Molly Shannon’s Memoir Is Filled With Mischief and Pathos

A Memoir
By Molly Shannon with Sean Wilsey
291 pages. Ecco/HarperCollins Publishers. $27.99.

Some people break into show business; others burst. Like her famous character on “Saturday Night Live,” the nervous Catholic schoolgirl Mary Katherine Gallagher, Molly Shannon was more of a battering ram, laying siege to the false-fronted structures of Hollywood with blunt, repetitive force. When you reach the part in her new memoir, “Hello, Molly!,” where the fortresses finally crumble for her, you want to get out the pom-poms and cheer.

Along with her genius for physical comedy and deadpan inflection — “don’t get me started,” she’d intone, as the mediocre stand-up Jeannie Darcy — Shannon has an uncanny knack for transgression in pursuit of higher truth.

Early in her career, she and a friend from drama school came up with something they called the Mamet Scam. They pretended to be assistants in the office of David Mamet, the notoriously Hollywood-averse playwright: arranging each other appointments with agents, casting directors and producers, drawing on their experience selling health-club memberships. (“Always be closing,” as Mamet wrote in “Glengarry Glen Ross.”) They ran this racket with energy for six months — Shannon getting a small part on “Twin Peaks” out of it — and were only busted once, by a talent manager for the Brat Pack.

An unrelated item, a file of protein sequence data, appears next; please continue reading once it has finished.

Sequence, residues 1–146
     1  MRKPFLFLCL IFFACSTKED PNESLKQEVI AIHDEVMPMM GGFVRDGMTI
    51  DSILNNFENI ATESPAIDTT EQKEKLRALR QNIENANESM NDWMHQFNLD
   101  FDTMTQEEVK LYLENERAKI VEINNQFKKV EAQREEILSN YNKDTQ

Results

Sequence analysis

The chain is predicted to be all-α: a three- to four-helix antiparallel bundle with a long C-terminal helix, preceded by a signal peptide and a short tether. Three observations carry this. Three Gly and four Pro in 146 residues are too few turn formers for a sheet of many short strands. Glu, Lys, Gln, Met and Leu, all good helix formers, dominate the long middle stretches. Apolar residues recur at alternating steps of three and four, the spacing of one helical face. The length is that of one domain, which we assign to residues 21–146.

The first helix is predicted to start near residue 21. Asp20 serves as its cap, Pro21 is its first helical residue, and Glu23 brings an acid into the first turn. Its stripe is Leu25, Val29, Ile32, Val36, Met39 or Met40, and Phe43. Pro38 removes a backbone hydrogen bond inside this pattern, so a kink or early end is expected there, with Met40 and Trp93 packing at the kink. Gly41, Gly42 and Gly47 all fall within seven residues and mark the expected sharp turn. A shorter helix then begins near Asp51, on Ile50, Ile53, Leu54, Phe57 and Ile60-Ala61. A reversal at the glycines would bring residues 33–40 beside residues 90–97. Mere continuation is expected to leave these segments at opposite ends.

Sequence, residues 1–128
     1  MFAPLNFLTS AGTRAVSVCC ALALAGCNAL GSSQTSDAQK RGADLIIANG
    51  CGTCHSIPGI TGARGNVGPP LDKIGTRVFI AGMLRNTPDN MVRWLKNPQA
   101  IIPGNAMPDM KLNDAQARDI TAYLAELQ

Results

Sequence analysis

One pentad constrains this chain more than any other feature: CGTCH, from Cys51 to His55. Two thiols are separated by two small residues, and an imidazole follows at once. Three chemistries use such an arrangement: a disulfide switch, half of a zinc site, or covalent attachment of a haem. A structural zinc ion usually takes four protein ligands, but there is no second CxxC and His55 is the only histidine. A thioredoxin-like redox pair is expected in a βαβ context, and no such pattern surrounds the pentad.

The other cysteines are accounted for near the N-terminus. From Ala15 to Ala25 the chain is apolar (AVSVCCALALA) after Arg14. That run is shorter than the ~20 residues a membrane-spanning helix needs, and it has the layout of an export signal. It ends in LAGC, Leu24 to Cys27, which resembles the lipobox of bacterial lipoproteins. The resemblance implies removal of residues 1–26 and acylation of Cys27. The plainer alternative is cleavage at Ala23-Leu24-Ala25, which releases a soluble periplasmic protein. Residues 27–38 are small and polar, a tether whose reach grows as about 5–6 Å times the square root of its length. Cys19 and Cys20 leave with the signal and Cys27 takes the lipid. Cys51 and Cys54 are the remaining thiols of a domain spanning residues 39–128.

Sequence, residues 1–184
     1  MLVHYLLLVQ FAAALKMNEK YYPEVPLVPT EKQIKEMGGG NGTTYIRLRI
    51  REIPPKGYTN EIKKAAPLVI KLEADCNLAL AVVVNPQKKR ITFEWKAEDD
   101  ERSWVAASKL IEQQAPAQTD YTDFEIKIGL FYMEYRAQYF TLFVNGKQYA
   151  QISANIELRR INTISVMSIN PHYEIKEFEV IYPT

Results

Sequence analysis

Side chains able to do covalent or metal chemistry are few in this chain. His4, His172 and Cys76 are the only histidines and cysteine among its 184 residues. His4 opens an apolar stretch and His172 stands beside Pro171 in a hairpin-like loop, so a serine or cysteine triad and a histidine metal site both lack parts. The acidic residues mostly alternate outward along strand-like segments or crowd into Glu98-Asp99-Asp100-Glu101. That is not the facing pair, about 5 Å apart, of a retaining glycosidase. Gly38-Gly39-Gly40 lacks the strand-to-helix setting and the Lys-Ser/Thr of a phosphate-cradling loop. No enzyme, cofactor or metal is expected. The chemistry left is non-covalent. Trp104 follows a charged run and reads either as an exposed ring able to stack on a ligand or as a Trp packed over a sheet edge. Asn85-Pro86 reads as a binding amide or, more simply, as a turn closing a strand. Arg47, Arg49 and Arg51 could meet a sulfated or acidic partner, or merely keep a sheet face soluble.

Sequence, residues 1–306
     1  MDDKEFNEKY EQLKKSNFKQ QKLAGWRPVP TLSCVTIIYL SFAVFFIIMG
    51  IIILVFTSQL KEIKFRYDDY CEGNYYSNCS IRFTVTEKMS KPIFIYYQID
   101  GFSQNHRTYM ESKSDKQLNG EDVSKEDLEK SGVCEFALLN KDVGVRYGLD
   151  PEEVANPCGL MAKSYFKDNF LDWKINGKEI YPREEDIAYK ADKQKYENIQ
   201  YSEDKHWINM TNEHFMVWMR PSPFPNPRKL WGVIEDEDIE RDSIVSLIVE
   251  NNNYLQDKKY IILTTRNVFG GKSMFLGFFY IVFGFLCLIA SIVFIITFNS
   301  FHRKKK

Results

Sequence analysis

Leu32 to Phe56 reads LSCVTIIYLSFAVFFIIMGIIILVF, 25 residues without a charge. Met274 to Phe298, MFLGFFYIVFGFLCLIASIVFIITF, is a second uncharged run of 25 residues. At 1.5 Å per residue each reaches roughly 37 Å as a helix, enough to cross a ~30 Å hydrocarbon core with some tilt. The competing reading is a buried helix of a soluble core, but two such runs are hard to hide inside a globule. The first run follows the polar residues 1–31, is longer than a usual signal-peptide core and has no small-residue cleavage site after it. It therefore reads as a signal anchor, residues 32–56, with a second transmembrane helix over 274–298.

Later, Shannon and another friend from an improv group called the Lumber Company created their own stage show, hiring musicians with money Shannon was making as a hostess at Cravings, a restaurant on Sunset Boulevard. They kept the show under an hour, with drinks, to tempt busy industry types. Shannon also invited restaurant diners, homeless people, her dentist. “There was nothing more important than packing the house,” she writes. “Pack it, pack it, pack it, pack it!” In front of those crowds, she developed another brilliant character, Sally O’Malley. In her stretchy red pantsuit, O’Malley is the patron saint of all 50-year-old women who refuse to roll over and become Norma Desmond but instead want to “kick, stretch and KICK!” (If you haven’t yet made O’Malley’s acquaintance, go watch the “S.N.L.” sketch in which she tries out for the Rockettes.)

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